Suicide is a remarkable public health problem worldwide and its reduction has been declared a primary objective by the World Health Organization . It is the fourth leading cause of death among people between 14 and 29 years old worldwide [2,3,4]. In the USA and other Western Country suicide has proved to be the second cause of death in adolescence [5, 6]. Suicidal ideation and behaviors typically make their appearance in adolescence. Entering middle adolescence drastically increases the likelihood for the emergence of suicidal behaviors , although recent studies indicate that the lifetime peak of suicidal behaviors, as well as other relevant clinical features of impulsivity and emotional dysregulation should not be limited to adolescence to include at least young adulthood . Still, follow-up data indicate that suicide attempts occurring in adolescence are significant predictors of the occurrence of such behaviors in adulthood .
With reference to the consequences of the COVID-19 epidemic, first research data indicate that rates of suicidal ideation and suicidal behaviors between the ages of 11 and 19 are significantly higher for some months of 2020 compared to 2019 . Epidemiological data also show that girls have a higher risk of engaging in suicidal behaviors, and boys tend to attempt suicide with potentially more lethal consequences . Attempted suicide is a more statistically widespread phenomenon than actual suicide in adolescence, with a prevalence of 8–10%; the highest reported attempted suicide rate is between 15–24 years of age and only the 17% of the adolescents who report suicidal thoughts then actually attempt suicide [7, 12].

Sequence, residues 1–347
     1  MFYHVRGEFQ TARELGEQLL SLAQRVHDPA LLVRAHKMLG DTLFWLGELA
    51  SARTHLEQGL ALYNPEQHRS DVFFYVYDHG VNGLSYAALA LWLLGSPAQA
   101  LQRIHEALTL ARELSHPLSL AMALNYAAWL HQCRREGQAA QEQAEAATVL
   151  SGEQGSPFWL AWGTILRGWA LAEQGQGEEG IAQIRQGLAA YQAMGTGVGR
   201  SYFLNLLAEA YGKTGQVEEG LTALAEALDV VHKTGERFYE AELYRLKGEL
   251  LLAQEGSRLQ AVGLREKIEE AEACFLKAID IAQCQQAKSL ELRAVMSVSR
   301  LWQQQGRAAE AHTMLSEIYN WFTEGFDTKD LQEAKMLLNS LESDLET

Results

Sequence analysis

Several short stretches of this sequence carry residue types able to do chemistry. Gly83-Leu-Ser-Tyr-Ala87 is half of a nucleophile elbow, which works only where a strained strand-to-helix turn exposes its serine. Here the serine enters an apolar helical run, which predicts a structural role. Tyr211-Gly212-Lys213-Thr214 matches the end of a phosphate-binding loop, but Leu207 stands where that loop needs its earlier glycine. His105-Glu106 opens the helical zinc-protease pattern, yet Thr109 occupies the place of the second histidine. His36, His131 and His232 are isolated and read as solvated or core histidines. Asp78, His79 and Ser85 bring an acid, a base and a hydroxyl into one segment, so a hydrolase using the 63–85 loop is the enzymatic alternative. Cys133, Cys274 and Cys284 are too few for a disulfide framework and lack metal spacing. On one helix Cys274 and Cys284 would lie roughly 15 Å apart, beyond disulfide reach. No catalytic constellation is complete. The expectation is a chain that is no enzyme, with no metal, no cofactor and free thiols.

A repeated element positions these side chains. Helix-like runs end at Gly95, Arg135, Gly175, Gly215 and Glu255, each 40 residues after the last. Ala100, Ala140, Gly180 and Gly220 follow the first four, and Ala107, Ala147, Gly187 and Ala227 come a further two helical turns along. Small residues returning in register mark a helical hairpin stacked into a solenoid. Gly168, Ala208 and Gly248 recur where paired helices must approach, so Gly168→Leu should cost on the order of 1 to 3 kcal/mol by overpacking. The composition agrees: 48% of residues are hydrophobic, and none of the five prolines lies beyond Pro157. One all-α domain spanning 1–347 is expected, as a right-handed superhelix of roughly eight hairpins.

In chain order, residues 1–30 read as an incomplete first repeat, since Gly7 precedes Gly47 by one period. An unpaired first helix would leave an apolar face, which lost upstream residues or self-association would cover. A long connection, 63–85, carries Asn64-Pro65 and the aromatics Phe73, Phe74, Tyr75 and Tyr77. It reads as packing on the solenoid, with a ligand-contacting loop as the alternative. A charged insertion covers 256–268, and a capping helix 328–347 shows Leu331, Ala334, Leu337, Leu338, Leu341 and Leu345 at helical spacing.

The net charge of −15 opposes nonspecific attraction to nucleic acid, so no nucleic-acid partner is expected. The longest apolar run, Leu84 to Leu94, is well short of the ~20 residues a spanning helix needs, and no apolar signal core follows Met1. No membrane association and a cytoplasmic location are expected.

Modelling the study of suicidality in adolescence: the suicidal process and the related predictive variables
Current empirical approaches to the understanding and management of suicidal risk outlined a sequential process beginning before the actual suicidal behavior takes place and even before the suicidal ideation becomes conscious . Most contemporary models of suicide agree in identifying the experience of a un unbearable psychological pain as a starting point of the suicidal process. This condition of psychache is able to trigger a sense of entrapment and helplessness, and suicide is then perceived as the only way to escape from this unbearable emotional state . This staging model of the suicidal process is supposed to begin with a motivational phase in which the early idea of one’s own death is gradually transformed into the more stable suicidal ideation, possibly leading to the proper suicidal intention and planning . Many subjects report having nurtured suicidal ideation, and even intent, without having resorted to suicidal behavior, though. This is why many authors believe that the staging model of suicide should consider a volitional phase subsequent to the motivational one .
Provided this framework of understanding, clinicians and researchers are now working to identify specific risk factors or a configuration of risk factors that account for the passage from the appearance of early thoughts about one’s own death, to suicidal ideation and intention, then to real planning and execution of suicidal behavior. Research data show that only a relatively small percentage of subjects reporting suicidal ideation end up attempting suicide and even a smaller percentage actually succeed [16, 17]. In this regard, researchers have focused on the identification of those risk factors that differentiate individuals with suicidal ideation from those who attempt suicide . A recent and acknowledged line of research has further refined the investigation of these volitional aspects of suicidality by specifically focusing on the relative impact of the risk factors on distinct suicidal variables . In this study we adopted this research approach that specifically identifies the suicidal variables of suicidal ideation, occurrence of any suicide attempt, recurrence or number of suicide attempts, their potential lethality .